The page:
A number of consumer groups have warned that the government's Green Deal - designed to help cut energy bills and carbon emission levels by providing aging homes with insulation - could fail if reforms aren't made to its financing scheme.
Greenpeace, Which? and the World Wildlife Fund for Nature, along with the National Pensioners Convention and manufacturer of energy efficiency products, Knauf Insulation, according to BusinessGreen, have banded together to write to Energy and Climate Change secretary Ed Davey.
In the letter, dated July 2, the groups have warned that: "in its current form... the Green Deal and Energy Company Obligation (ECO) risks not delivering for consumers, the economy or the environment."
They also argued that the focus placed on solid-wall insulation in the Green Deal could cause demand for loft-cavity and cavity-wall insulation to fall dramatically. The letter states: "This means that you propose forging ahead with a policy that could have a devastating impact, not only on consumers' ability to cut their energy bills, but also on the home insulation industry, while seriously undermining attempts to cut carbon emissions."
In a bid to reduce their carbon footprint, many people are turning towards the tariffs provided by green energy suppliers.
Concerns have also been raised about the decision to ring-fence 41 per cent of the ECO element to provide funding for the installation of insulation measures - to aid those in fuel poverty. The groups have made it clear that they believe this decision could undermine similar programmes aimed at helping poorer communities in the United Kingdom.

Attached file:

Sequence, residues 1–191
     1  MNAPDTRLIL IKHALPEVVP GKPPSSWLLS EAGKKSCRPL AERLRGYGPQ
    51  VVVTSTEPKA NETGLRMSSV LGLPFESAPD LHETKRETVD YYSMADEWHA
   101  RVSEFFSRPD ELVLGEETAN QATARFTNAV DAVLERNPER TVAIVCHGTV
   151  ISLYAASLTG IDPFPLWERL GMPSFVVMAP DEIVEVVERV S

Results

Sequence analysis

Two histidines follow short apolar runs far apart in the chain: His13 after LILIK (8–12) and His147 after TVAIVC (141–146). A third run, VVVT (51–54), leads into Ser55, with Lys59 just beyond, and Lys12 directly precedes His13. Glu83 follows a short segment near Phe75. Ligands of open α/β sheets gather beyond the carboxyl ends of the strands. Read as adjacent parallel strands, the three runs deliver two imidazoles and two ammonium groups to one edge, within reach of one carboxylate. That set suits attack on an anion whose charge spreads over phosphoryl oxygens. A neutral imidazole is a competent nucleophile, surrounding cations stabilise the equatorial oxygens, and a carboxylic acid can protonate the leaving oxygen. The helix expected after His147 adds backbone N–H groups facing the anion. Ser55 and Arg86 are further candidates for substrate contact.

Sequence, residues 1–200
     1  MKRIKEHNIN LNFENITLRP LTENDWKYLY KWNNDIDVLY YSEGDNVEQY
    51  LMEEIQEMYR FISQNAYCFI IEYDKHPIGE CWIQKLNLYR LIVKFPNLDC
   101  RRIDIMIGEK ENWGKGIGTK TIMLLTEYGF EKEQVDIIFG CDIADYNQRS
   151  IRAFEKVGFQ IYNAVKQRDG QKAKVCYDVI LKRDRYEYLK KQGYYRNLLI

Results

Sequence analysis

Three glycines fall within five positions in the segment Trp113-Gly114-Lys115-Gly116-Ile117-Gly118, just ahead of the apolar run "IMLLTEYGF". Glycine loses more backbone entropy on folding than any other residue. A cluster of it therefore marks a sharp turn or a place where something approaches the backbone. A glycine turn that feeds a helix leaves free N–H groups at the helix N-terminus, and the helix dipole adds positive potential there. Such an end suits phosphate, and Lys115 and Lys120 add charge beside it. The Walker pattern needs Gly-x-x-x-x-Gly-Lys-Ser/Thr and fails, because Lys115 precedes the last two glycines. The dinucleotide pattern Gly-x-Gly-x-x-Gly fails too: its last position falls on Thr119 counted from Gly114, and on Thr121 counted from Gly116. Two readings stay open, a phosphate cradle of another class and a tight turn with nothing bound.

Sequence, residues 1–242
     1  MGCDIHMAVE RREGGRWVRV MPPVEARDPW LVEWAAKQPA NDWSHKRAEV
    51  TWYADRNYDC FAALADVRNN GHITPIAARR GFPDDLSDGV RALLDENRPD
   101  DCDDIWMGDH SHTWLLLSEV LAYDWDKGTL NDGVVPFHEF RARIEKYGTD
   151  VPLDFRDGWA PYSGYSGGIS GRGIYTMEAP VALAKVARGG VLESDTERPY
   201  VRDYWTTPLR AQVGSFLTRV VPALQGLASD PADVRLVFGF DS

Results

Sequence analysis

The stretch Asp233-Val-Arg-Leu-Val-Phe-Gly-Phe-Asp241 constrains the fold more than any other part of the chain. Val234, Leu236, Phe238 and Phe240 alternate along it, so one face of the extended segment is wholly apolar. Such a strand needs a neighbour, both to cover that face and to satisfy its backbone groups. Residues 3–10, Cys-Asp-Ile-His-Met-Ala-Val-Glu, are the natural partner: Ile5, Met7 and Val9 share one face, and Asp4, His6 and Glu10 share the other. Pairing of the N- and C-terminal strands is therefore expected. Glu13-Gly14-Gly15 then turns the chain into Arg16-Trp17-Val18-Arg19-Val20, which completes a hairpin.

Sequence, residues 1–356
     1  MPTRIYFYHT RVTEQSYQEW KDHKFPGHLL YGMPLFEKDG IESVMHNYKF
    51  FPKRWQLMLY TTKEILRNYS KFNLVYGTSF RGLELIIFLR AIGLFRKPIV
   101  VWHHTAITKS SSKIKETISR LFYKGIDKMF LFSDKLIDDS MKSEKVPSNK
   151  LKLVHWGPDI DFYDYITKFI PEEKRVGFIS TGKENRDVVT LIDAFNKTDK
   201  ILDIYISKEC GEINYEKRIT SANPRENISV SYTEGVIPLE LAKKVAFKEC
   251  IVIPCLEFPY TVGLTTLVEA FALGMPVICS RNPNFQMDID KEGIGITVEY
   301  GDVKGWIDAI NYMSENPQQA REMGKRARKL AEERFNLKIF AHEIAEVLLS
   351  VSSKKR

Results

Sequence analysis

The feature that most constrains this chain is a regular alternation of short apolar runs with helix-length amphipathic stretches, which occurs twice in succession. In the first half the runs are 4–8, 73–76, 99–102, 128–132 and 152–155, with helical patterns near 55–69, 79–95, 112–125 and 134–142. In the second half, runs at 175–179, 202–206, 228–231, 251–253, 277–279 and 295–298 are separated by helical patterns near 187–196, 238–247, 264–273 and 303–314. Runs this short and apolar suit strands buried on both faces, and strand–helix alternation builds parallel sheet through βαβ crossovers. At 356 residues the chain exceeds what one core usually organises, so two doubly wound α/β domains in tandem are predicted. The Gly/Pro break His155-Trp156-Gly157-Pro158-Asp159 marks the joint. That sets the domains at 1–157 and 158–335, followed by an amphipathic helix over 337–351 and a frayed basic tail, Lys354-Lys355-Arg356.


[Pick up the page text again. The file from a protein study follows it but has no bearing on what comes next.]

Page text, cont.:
Ed Davey, however, has said that he remains confident that the deal will prove to be successful.
Shadow Climate Change minister, Luciana Berger though has aired doubts and has argued that changes need to be made to the deal.
She stated: "To be successful the Green Deal must be a good deal for hard pressed consumers struggling to meet the cost of sky high energy bills.
"This letter is yet another stark warning to the Government that their current plans don't add up.
"To make the Green Deal work, ministers should keep to their commitment and use the Green Investment Bank to provide the Green Deal finance at an affordable rate for families and businesses."
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